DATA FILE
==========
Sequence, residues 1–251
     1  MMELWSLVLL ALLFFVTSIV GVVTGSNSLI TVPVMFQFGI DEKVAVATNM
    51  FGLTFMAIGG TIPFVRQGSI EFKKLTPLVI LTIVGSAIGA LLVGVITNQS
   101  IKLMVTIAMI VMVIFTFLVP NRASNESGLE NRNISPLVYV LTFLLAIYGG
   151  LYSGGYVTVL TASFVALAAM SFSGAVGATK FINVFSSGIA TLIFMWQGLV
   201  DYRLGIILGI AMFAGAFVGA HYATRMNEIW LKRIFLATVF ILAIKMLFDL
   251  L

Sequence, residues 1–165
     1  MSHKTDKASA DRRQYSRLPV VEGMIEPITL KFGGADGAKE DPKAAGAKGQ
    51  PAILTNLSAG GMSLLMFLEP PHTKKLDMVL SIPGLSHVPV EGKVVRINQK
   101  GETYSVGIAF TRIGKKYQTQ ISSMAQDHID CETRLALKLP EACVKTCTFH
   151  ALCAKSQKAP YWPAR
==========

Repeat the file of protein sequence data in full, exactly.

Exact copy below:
Sequence, residues 1–251
     1  MMELWSLVLL ALLFFVTSIV GVVTGSNSLI TVPVMFQFGI DEKVAVATNM
    51  FGLTFMAIGG TIPFVRQGSI EFKKLTPLVI LTIVGSAIGA LLVGVITNQS
   101  IKLMVTIAMI VMVIFTFLVP NRASNESGLE NRNISPLVYV LTFLLAIYGG
   151  LYSGGYVTVL TASFVALAAM SFSGAVGATK FINVFSSGIA TLIFMWQGLV
   201  DYRLGIILGI AMFAGAFVGA HYATRMNEIW LKRIFLATVF ILAIKMLFDL
   251  L

Sequence, residues 1–165
     1  MSHKTDKASA DRRQYSRLPV VEGMIEPITL KFGGADGAKE DPKAAGAKGQ
    51  PAILTNLSAG GMSLLMFLEP PHTKKLDMVL SIPGLSHVPV EGKVVRINQK
   101  GETYSVGIAF TRIGKKYQTQ ISSMAQDHID CETRLALKLP EACVKTCTFH
   151  ALCAKSQKAP YWPAR